||Subject: shopping with toddler
I need to make some comments regarding this
article [Ten Tips for Shopping with Children]. I have a very high need
daughter. We follow the Natural Child philosophy and Dr. Sears has seen
us in his office on occasion. I just came back from another attempted
shopping trip with my daughter who is 16 months old. It, again, was such
a disaster that I came to this site to see the tips listed. I was
discouraged when it read "remember, all children behave as well as
they are treated" I think I got that right. Anyway, I am here to
tell you that this is not the case. And I need some help. So, if
possible, help would be appreciated.
Kim & Ryan Amber
Hi Kim and Ryan,
Thank you for having enough faith in me to write
even though my slogan didn't seem accurate to you. I appreciate that.
Children do "behave as well as they're
treated" but it can be really difficult for even the most
loving and capable parent to accomplish this during a shopping trip! And
age 16 months is a particularly difficult time for the parents because
the child has skills (like wandering off) without having the experience
and judgment to be left alone even for a moment. This can be exhausting
and frustrating even in the simplest situations, like a quiet afternoon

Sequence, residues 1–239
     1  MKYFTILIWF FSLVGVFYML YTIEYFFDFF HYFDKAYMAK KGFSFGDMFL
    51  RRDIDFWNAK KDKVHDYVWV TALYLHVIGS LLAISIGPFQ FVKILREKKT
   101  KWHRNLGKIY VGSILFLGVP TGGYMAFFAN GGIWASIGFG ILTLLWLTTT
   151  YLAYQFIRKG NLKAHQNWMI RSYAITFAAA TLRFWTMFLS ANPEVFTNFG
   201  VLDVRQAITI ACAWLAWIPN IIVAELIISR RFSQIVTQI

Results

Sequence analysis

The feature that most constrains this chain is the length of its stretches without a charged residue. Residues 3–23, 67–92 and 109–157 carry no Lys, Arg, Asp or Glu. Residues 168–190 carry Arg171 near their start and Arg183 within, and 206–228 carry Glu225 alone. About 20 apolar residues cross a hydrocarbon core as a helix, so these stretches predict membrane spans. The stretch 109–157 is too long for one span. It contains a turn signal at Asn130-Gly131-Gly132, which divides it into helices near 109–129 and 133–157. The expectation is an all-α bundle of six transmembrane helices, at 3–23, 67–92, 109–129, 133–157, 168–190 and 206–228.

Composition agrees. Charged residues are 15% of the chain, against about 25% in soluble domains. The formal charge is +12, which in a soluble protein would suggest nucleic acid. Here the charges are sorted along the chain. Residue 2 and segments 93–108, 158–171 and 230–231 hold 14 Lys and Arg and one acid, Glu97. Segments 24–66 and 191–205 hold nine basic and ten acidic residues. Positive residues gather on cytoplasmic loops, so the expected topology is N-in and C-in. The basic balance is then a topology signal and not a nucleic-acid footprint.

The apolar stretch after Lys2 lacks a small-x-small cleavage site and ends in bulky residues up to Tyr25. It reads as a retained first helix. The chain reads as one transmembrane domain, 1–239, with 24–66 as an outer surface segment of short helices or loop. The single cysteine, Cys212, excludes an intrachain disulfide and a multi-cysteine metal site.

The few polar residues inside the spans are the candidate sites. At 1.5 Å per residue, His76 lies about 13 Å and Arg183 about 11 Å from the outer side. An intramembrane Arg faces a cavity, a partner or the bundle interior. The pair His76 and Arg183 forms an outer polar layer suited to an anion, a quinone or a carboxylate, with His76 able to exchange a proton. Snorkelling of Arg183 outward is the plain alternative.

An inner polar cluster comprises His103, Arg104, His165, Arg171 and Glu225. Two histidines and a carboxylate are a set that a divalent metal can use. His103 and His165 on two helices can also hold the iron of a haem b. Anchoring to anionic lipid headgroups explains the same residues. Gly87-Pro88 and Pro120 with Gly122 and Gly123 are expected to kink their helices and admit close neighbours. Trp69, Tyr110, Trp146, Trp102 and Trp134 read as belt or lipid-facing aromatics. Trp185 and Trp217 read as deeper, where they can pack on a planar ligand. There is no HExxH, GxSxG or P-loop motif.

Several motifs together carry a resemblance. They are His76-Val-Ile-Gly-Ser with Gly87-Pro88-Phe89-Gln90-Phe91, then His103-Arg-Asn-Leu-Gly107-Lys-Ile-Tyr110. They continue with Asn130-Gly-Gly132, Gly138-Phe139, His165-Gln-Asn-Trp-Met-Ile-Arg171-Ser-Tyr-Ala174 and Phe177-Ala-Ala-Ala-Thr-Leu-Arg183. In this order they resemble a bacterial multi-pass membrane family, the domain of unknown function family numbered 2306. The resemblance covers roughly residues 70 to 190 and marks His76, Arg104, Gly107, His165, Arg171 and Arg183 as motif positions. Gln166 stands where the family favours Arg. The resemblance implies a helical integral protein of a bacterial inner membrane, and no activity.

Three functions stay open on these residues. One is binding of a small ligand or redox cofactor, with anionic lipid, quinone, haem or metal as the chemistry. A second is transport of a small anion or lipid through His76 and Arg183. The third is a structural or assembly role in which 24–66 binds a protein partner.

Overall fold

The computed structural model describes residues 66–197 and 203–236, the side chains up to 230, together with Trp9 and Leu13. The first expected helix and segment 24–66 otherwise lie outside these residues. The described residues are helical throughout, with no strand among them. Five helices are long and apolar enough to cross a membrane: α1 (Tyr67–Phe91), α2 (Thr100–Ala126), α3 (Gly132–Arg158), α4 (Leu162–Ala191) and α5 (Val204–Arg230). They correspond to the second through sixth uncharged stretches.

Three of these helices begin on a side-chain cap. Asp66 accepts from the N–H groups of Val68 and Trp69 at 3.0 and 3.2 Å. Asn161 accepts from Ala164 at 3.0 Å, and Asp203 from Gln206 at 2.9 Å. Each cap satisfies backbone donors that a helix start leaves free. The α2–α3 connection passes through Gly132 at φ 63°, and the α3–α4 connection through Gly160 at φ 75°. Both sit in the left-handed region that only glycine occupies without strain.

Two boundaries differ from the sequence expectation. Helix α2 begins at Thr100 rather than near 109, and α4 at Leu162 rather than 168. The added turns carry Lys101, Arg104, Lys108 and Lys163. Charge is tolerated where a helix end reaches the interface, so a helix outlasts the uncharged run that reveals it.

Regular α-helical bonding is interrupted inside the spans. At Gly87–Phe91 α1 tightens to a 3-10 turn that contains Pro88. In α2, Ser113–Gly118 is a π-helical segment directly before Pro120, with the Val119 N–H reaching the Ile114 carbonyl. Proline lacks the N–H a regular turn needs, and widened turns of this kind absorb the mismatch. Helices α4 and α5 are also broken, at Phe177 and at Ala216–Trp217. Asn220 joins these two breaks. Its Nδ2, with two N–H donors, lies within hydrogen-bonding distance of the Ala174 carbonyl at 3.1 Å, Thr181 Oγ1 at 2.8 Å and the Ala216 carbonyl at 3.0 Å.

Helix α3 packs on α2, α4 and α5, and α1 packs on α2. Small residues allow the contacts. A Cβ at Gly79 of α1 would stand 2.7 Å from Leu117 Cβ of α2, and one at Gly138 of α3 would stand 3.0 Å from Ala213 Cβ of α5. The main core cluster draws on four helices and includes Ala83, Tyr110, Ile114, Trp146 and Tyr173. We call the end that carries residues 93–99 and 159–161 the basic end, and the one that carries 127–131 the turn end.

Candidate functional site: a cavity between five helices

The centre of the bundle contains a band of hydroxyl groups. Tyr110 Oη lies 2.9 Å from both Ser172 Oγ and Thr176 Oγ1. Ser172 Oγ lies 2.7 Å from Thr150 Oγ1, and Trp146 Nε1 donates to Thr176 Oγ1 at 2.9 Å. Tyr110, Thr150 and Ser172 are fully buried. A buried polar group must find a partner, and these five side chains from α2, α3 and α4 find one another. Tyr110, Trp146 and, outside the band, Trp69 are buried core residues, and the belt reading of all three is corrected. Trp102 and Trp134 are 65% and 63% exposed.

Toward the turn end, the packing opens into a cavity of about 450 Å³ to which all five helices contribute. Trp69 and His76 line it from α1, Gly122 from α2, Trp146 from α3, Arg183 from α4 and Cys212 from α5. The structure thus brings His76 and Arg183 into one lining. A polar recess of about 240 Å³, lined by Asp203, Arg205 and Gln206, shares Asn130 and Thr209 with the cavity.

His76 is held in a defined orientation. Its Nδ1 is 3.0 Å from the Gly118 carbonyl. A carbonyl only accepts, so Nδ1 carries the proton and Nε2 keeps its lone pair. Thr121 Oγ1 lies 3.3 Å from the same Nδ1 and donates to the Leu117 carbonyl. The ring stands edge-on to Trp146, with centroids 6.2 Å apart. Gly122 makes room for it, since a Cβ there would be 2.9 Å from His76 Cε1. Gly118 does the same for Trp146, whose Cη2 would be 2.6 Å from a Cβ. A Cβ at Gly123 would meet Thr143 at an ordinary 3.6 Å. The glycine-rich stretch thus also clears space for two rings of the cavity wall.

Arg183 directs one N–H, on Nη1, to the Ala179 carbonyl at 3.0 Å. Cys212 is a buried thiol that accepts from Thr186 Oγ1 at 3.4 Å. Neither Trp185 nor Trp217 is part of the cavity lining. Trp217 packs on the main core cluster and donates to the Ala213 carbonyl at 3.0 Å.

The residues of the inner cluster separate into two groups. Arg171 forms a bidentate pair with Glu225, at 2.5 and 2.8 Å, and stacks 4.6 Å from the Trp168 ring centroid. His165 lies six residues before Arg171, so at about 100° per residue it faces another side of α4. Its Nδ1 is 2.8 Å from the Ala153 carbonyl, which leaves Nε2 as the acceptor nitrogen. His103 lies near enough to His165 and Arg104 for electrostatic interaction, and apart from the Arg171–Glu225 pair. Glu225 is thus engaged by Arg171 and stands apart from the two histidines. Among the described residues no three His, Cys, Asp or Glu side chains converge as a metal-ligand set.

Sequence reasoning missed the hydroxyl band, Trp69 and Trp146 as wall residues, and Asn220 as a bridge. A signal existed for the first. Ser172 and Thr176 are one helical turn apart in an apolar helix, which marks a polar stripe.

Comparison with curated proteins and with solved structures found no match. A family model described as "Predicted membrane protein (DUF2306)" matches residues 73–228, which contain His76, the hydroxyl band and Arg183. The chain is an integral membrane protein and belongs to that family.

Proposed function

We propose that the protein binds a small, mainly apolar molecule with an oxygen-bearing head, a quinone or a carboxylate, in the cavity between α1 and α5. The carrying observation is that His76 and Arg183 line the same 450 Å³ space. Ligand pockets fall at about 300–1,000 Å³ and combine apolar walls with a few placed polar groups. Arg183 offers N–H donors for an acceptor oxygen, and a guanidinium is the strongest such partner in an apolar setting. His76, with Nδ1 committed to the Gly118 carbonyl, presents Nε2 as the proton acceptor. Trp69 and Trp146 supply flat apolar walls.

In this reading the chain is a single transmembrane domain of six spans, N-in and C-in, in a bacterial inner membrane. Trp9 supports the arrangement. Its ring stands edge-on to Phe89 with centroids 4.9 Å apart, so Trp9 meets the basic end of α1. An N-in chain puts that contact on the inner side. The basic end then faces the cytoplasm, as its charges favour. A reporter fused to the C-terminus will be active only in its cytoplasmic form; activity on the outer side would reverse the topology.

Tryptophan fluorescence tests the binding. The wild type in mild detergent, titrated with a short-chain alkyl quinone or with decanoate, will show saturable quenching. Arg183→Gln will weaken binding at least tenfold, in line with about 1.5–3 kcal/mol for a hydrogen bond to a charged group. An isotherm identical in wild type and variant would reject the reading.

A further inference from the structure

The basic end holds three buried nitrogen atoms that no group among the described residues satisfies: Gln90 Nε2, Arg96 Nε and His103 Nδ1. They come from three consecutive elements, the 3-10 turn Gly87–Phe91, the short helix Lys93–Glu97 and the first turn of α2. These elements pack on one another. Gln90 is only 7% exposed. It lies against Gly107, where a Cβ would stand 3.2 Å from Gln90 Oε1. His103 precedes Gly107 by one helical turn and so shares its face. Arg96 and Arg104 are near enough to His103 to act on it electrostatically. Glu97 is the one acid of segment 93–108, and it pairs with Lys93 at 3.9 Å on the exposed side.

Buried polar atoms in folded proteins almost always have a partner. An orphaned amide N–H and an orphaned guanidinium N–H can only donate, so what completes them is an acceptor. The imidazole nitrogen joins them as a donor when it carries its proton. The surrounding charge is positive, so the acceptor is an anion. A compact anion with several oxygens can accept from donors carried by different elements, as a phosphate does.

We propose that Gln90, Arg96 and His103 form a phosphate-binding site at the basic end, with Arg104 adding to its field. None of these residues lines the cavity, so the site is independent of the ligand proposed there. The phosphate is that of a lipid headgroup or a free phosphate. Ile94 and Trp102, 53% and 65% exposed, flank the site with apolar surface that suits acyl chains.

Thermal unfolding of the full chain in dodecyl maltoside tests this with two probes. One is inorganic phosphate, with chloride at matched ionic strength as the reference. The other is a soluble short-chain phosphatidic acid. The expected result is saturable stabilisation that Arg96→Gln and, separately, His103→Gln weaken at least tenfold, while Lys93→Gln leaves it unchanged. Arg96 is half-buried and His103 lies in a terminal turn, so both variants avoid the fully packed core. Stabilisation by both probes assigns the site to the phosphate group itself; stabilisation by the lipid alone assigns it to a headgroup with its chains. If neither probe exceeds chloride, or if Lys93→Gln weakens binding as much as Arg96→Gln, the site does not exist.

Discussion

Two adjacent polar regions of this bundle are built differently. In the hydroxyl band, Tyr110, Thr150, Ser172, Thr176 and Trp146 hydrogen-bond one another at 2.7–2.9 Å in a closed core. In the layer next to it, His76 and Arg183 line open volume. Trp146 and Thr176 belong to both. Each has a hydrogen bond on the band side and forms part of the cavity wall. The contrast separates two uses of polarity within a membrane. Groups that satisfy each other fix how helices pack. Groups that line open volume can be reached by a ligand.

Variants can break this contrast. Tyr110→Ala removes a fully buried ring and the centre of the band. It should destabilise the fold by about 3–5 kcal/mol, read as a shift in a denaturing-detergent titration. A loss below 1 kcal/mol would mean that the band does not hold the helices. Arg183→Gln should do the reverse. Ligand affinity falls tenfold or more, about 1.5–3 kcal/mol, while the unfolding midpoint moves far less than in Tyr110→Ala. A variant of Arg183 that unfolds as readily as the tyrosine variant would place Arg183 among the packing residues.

at home. While shopping in a busy and noisy store, it can be absolutely
crazy. The good news is that "this too shall pass" and your
child will become more and more able to tolerate the inattention that is
inevitable during shopping and other stressful and busy situations.
Here is an "extension" to my motto that
might help clarify things. "All children behave as well as they are
treated by everyone and everything around them." I think we as
parents, especially with a very young child, sometimes forget that we
aren't the only factor in the child's life. Everyone else who comes into
contact with the child, and the environment, both internal - the
unrecognized beginning of a cold, teething, etc., and external - such as
a busy, noisy, artificially-lighted grocery store, all this has an
effect on the child's ability to cope.
What this means in terms of improving things is
that (a) we shouldn't blame the child (b) we shouldn't blame ourselves
and (c) we should keep stressful trips to a bare minimum. When they are
necessary, we should plan ahead, but not expect things to go perfectly
I've had to generalize here, but if you'll send me
more details, I'll reply to that as well.
Thank you for visiting the site and please feel
free to write again.